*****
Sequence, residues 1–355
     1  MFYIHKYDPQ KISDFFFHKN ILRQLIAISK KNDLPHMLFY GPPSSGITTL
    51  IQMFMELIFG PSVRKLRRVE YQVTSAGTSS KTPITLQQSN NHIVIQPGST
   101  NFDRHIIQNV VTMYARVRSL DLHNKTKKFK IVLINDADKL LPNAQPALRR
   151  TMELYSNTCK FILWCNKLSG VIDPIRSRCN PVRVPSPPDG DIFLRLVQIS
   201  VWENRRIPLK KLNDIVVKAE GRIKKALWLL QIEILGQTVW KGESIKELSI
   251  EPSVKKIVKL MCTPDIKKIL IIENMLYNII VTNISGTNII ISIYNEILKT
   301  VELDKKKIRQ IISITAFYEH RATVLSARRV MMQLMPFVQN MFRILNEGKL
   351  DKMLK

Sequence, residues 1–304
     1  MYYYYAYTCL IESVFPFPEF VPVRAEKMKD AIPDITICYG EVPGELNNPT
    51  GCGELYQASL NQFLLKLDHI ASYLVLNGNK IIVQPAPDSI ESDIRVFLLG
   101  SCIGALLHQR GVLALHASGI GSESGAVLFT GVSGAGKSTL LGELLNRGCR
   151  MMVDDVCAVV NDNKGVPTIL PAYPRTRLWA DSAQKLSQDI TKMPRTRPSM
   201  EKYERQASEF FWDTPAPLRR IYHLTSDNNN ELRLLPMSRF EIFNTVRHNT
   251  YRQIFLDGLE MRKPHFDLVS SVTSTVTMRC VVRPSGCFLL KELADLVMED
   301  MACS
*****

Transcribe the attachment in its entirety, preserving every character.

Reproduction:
Sequence, residues 1–355
     1  MFYIHKYDPQ KISDFFFHKN ILRQLIAISK KNDLPHMLFY GPPSSGITTL
    51  IQMFMELIFG PSVRKLRRVE YQVTSAGTSS KTPITLQQSN NHIVIQPGST
   101  NFDRHIIQNV VTMYARVRSL DLHNKTKKFK IVLINDADKL LPNAQPALRR
   151  TMELYSNTCK FILWCNKLSG VIDPIRSRCN PVRVPSPPDG DIFLRLVQIS
   201  VWENRRIPLK KLNDIVVKAE GRIKKALWLL QIEILGQTVW KGESIKELSI
   251  EPSVKKIVKL MCTPDIKKIL IIENMLYNII VTNISGTNII ISIYNEILKT
   301  VELDKKKIRQ IISITAFYEH RATVLSARRV MMQLMPFVQN MFRILNEGKL
   351  DKMLK

Sequence, residues 1–304
     1  MYYYYAYTCL IESVFPFPEF VPVRAEKMKD AIPDITICYG EVPGELNNPT
    51  GCGELYQASL NQFLLKLDHI ASYLVLNGNK IIVQPAPDSI ESDIRVFLLG
   101  SCIGALLHQR GVLALHASGI GSESGAVLFT GVSGAGKSTL LGELLNRGCR
   151  MMVDDVCAVV NDNKGVPTIL PAYPRTRLWA DSAQKLSQDI TKMPRTRPSM
   201  EKYERQASEF FWDTPAPLRR IYHLTSDNNN ELRLLPMSRF EIFNTVRHNT
   251  YRQIFLDGLE MRKPHFDLVS SVTSTVTMRC VVRPSGCFLL KELADLVMED
   301  MACS